hot toddy bundt cake

1 close up slice glazed hot toddy bundt 2 lemon bourbon honey glaze on bundt 3 four roses bourbon lemons honey jar 3 lemon zest sugar 4 creaming butter sugar lemon bundt mixing batter hot toddy lemon bundt slicedHot toddy weather seems to be here to stay this winter. It seemed only natural to me to create a bundt cake inspired by the honey lemon bourbon beverage.  The perfect slice to complement hot tea, hot toddy, or hot company.

Hot Toddy Bundt Cake
adapted from Taste of Home

Cake
1 cup butter, softened
zest of two lemons
3 cups sugar
6 eggs
3 cups all-purpose flour
1/4 teaspoon baking soda
1/4 teaspoon salt
1 cup (8 ounces) sour cream
2 teaspoons bourbon

Glaze
juice of 2 lemons
1 teaspoon honey
1 teaspoon bourbon
2 cups confectioners’ sugar (maybe more)

In a bowl, cream butter. Gradually beat in sugar and lemon zest until light and fluffy, about 5 minutes. Add eggs, one at a time, beating after each egg. Combine flour, baking soda and salt; add to creamed mixture alternately with sour cream and bourbon. Beat just until blended. Pour into a greased and floured 10-in. tube pan. Bake at 325° for 1 hour and 25 minutes. Cool in pan 15 minutes, then transfer to a wire rack to cool completely.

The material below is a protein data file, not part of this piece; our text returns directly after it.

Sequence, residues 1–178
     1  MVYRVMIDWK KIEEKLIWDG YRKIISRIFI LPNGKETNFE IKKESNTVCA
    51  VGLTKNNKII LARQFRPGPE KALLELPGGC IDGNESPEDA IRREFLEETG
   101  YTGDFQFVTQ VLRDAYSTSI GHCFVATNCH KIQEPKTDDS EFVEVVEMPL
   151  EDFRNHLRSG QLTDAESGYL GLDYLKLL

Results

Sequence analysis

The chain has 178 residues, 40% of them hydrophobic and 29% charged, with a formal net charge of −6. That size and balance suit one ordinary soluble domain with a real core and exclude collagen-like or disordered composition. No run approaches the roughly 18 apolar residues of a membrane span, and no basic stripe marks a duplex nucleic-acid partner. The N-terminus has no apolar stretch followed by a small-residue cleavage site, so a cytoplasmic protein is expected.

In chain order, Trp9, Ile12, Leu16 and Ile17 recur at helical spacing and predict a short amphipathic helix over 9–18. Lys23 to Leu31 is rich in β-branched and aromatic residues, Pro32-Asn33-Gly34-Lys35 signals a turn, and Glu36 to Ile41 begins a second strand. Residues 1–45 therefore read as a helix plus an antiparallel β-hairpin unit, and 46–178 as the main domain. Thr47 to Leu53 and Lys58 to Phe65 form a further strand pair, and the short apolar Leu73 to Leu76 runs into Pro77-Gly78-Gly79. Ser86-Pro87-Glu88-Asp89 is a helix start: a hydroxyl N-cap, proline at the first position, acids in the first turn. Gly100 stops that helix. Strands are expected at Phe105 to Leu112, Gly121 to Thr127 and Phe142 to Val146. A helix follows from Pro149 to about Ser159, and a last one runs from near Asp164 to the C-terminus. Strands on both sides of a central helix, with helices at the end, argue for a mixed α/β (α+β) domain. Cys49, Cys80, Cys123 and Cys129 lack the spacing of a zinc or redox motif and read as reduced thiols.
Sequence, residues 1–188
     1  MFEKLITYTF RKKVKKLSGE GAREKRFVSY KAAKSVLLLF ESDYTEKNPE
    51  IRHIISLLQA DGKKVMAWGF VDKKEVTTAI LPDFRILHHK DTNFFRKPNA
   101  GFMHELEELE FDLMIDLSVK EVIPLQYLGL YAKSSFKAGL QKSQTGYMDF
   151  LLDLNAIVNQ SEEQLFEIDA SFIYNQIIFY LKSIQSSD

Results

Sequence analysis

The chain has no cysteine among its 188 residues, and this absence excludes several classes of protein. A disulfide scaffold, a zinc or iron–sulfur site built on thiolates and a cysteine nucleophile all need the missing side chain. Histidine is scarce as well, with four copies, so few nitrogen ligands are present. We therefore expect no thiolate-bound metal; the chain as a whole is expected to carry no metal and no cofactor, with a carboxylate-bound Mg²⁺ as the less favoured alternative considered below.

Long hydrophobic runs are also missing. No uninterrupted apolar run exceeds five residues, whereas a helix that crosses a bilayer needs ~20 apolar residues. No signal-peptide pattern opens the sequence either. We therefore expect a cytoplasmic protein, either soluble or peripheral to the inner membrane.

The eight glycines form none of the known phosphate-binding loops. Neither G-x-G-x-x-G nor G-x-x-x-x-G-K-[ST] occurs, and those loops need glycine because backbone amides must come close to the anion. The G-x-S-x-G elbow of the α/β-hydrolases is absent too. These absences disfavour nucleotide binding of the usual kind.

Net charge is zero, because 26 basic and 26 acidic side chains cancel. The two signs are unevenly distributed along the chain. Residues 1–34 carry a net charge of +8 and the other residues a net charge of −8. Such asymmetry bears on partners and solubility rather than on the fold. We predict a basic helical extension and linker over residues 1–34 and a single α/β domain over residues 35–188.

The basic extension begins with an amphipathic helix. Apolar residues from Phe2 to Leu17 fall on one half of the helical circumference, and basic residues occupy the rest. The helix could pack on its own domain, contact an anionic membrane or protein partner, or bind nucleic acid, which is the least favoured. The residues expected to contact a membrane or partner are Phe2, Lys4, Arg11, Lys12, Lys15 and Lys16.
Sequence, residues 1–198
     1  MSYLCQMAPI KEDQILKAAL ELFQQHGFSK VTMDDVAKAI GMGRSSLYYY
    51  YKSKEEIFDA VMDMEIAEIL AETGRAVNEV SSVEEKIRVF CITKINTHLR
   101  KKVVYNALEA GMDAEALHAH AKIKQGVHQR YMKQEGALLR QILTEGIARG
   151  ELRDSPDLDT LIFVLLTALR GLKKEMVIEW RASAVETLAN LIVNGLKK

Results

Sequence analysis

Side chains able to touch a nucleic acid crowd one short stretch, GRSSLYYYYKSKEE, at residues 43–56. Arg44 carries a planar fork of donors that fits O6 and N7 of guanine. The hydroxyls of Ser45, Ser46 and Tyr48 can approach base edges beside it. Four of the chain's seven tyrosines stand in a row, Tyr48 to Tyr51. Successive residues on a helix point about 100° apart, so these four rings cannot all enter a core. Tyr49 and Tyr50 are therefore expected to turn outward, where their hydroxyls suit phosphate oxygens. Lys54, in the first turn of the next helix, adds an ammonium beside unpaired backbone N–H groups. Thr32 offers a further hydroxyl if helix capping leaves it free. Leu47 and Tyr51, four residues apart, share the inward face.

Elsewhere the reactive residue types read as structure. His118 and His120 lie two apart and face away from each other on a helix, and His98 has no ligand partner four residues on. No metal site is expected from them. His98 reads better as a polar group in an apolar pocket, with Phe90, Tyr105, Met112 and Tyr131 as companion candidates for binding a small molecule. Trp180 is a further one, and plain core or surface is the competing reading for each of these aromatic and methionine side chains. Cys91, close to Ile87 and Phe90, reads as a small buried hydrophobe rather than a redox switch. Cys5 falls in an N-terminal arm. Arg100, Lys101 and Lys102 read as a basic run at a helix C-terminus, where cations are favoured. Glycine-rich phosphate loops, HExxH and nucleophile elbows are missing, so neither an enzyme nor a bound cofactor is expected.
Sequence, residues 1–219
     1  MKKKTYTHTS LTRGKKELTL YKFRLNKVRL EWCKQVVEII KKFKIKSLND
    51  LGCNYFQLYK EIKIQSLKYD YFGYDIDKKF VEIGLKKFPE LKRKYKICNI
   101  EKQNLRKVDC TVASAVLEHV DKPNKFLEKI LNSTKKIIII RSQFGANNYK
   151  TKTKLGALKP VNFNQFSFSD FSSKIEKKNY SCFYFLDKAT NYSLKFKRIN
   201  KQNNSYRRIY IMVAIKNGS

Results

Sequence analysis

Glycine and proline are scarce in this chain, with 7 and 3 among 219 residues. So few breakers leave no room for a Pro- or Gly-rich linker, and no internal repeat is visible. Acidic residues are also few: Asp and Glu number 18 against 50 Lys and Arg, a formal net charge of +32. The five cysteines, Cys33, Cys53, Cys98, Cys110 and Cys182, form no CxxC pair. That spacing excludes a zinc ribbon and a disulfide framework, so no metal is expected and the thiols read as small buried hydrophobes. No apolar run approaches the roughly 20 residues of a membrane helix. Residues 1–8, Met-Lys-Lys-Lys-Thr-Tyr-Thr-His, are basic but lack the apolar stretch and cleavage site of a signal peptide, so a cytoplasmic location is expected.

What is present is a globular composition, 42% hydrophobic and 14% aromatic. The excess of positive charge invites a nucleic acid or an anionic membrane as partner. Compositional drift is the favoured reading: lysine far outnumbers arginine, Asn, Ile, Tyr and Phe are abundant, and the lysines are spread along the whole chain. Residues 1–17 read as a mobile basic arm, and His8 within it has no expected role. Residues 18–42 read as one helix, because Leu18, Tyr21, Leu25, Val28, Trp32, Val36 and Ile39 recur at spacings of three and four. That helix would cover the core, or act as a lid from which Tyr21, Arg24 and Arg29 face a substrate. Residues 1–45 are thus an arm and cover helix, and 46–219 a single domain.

Whisk together glaze ingredients. Using a pastry brush, coat the surface with glaze. Repeat every ten minutes or so to build up a sweet layer (think of it like basting). If you do not have the time or patience, thicken the glaze with additional confectioners’ sugar to make a frosting for spreading over the top.

ginger mango granola

a jar of ginger mango granola dried mango plate pour olive oil in granola miz bowl scene of granola stove mix tin of baked ginger mango granola two jars of granolaA fresh batch of granola for my upcoming road trip! This go around, I changed up Melissa Clarks’ recipe with some dried mango, candied ginger, and walnuts. Packed and ready: a tasty remedy for the munchies and a potentially queasy stomach, along with a hint of summertime flavor.

Ingredients

3 cups old-fashioned rolled oats (regular or gluten free)

1 1/2 cups raw walnuts

1 cup raw pumpkin seeds

1 cup coconut

3/4 cup pure maple syrup

1/2 cup extra virgin olive oil

1/2 cup packed light brown sugar

1 teaspoon kosher salt

1/2 teaspoon ground cinnamon

1/2 teaspoon ground cardamom

1/2 cup chopped (or torn) dried mangoes

1/4 cup finely chopped candied ginger

Instructions

1. Preheat oven to 300 degrees. In a large bowl, combine oats, walnuts, pumpkin seeds, coconut, maple syrup, olive oil, brown sugar, salt, cinnamon and cardamom. Spread mixture in an even layer and bake for 45 minutes, stirring every 10 minutes, until golden brown and well toasted.

2. Transfer granola to a large bowl and add mangoes and candied ginger, tossing to combine.

Much alone or atop yogurt.

when the air is filled with dark chocolate and tangerines